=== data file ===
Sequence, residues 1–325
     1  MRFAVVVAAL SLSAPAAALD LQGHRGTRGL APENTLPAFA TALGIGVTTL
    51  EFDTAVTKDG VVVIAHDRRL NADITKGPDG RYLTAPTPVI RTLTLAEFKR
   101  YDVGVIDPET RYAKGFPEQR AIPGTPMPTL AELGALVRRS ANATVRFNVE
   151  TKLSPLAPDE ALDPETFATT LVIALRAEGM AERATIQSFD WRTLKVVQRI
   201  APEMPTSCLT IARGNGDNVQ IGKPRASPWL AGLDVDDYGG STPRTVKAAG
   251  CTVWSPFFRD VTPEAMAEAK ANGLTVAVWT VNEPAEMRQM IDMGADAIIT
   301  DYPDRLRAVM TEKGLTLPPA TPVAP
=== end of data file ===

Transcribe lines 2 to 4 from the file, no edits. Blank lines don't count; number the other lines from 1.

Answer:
     1  MRFAVVVAAL SLSAPAAALD LQGHRGTRGL APENTLPAFA TALGIGVTTL
    51  EFDTAVTKDG VVVIAHDRRL NADITKGPDG RYLTAPTPVI RTLTLAEFKR
   101  YDVGVIDPET RYAKGFPEQR AIPGTPMPTL AELGALVRRS ANATVRFNVE